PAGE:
Governor John Kasich signed a bill into law today that would ban late-term abortions in the Buckeye State after the state legislature approved it on a lopsided bipartisan vote. This legislation will ban post-viability abortions except when the pregnant woman’s life is in danger.
In Ohio, a woman can legally have an abortion up to and through her ninth month of pregnancy. With the passage of H.B. 78 and the ultimate signature by Kasich, babies who can live outside of their mother’s womb will no longer be subject to death via an abortion.
“The governor is pro-life, has been pro-life throughout his career and believes strongly in the sanctity of human life,” Kasich spokesman Rob Nichols said about the law that will take effect in 90 days.
“Abortions can currently be performed in Ohio up to the moment of birth, but many doctors agree that a child can live outside the womb after just 22-24 weeks,” Senator Peggy Lehner, one of the bill sponsors, said. “This bill will prevent late-term abortions…and help better protect our youngest and most vulnerable citizens.”
Ohio Right to Life has lobbied for the bill, saying it is strong pro-life legislation that will protect women, save babies’ lives and is part of an overall national strategy to overturn Roe v. Wade.
“The efficiency of this pro-life victory would not have been possible without the strong leadership of Senate President Tom Niehaus, Senator Scott Oelslager and Senator Peggy Lehner,” OHRTL director Mike Gonidakis said. “The pro-life members of the Senate demonstrated overwhelming support and their actions today will save countless lives in Ohio. We are proud to add the great state of Ohio to the growing list of states who have partnered in this strategic legislative approach.”
“The abortion industry and their lobbyists will lament the passage of this compassionate legislation, claiming it is an attack women’s reproductive rights,” Gonidakis said. “To the contrary, women deserve respect and deserve to be empowered as mothers.”
He continued, “”When women suffer from complications in pregnancy, they should receive treatment. With today’s technology, that does not have to come at the expense of their unborn child. When women suffer from mental illness, they should be treated for the disease that afflicts them – pregnancy is not the disease. Women’s health can be protected while their child, capable of living on its own outside the womb, is equally protected.”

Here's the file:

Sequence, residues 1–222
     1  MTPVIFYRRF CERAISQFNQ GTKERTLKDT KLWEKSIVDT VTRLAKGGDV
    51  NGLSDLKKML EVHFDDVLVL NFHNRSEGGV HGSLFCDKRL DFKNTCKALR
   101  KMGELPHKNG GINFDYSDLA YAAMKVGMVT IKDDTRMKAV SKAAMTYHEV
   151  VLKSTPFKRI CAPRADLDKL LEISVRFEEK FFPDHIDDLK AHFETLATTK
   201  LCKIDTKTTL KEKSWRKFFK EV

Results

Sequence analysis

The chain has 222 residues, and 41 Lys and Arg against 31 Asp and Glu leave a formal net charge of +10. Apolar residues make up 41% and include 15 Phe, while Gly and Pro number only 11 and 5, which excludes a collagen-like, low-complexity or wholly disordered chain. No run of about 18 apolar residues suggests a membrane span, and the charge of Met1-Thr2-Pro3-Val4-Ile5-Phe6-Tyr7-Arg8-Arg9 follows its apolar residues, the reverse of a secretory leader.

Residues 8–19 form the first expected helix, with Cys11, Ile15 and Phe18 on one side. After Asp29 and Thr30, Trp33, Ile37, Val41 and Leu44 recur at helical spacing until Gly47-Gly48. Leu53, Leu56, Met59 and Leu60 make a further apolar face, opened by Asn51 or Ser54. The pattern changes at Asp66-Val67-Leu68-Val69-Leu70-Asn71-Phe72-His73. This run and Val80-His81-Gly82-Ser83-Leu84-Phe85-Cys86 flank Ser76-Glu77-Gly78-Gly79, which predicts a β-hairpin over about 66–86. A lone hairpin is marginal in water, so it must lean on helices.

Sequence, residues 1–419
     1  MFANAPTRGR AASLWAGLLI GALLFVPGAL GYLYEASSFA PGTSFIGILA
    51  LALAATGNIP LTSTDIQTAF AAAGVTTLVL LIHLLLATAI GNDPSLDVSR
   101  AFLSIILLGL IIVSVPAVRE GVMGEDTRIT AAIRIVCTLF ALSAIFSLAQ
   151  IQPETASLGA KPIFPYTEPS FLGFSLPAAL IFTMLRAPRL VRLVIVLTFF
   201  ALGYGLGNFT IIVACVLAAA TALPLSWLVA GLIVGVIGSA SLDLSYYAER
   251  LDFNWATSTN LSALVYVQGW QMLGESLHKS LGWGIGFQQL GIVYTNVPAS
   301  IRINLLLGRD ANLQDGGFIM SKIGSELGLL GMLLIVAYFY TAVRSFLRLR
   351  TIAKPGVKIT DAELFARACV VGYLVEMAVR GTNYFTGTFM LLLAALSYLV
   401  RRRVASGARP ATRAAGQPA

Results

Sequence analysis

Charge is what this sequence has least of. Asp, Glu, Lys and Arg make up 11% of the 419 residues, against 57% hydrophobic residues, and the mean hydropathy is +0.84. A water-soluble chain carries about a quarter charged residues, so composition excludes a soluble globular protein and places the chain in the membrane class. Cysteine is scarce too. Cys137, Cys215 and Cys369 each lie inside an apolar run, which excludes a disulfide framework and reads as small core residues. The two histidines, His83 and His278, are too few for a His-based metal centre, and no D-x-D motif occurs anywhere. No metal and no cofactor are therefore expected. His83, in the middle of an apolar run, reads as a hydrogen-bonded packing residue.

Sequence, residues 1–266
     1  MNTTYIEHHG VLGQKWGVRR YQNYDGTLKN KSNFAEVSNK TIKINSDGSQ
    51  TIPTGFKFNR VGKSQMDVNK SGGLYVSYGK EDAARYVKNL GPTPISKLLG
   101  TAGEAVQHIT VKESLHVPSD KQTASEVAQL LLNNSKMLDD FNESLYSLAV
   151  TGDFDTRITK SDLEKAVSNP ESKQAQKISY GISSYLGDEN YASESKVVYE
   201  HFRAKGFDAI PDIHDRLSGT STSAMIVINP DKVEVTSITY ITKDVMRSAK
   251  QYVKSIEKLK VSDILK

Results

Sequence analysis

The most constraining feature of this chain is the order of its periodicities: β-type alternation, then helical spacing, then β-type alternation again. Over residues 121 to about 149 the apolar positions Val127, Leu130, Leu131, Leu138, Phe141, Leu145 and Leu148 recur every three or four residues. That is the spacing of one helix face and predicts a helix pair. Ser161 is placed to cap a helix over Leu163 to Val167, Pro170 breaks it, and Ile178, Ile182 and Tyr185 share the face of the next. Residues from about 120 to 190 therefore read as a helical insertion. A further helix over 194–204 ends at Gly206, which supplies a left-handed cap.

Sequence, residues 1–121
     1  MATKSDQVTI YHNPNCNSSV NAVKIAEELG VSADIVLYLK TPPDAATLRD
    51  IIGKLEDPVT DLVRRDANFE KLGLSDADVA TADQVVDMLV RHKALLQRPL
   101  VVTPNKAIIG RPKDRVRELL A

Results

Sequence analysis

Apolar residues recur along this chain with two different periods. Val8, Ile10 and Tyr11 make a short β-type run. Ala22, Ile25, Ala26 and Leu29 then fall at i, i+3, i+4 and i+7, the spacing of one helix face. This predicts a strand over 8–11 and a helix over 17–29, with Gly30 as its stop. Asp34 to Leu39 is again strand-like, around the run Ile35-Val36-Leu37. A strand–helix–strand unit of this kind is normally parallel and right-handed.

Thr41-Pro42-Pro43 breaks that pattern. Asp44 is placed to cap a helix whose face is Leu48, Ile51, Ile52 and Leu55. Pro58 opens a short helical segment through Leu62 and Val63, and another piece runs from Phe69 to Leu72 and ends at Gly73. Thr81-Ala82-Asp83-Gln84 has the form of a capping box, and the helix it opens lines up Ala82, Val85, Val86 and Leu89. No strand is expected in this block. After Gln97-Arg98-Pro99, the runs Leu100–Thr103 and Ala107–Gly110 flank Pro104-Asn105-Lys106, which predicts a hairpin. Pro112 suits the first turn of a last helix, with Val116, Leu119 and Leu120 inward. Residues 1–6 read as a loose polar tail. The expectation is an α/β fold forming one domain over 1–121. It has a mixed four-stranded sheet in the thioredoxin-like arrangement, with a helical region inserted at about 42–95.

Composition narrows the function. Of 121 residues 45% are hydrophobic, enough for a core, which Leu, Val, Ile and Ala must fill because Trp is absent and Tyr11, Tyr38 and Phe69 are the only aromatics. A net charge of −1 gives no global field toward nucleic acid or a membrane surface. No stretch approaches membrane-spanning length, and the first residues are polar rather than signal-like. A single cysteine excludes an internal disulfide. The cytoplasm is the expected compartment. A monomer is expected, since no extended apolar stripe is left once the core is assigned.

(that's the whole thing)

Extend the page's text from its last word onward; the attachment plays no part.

The Late-Term Abortion Ban would require physicians to test the viability of an unborn child if the mother were seeking an abortion at 20 weeks or later into her pregnancy. If the child is found to be able to live outside the mother’s womb, the abortion cannot be performed, except in circumstances where the pregnancy is a threat to the mother’s health. The measure also contains language making it clear a mental health exception can’t be used to get around the ban — especially since a substantial amount of research shows abortions pose mental health risks for women.
Gonidakis said this is one of the first major efforts to limit late-term abortions in Ohio following a 1997 decision by the 6th U.S. Circuit Court of Appeals to strike down the state’s previous ban. He believes the 2007 decision by the U.S. Supreme Court upholding a federal partial-birth abortion ban gives the state legal leverage to push for banning late-term abortions.
“There have been a lot of court cases that have come down the pike, and we believe the climate is right now both judicially and legislatively to put this forward,” he said.
Ohio is home to Martin Haskell, one of the main promoters of the partial-birth abortion method 38 states and Congress have banned and he continues to do abortions late in pregnancy using other procedures at his Cincinnati-area abortion business. Gonidakis estimates the late-term abortion ban could prevent as many as 700 abortions annually in Ohio.
“A lot of people think abortion is something that happens in the first couple days – you pop a pill and everything’s over. It’s not,” he said.
Abortions have gone down in Ohio, with the state health department reporting 28,721 in 2009, down three percent from the 2008 abortion total and the ninth straight year of decline. Since 2000, abortions are down 40 percent in the state.
ACTION: Thank Governor Kasich here for signing the bill.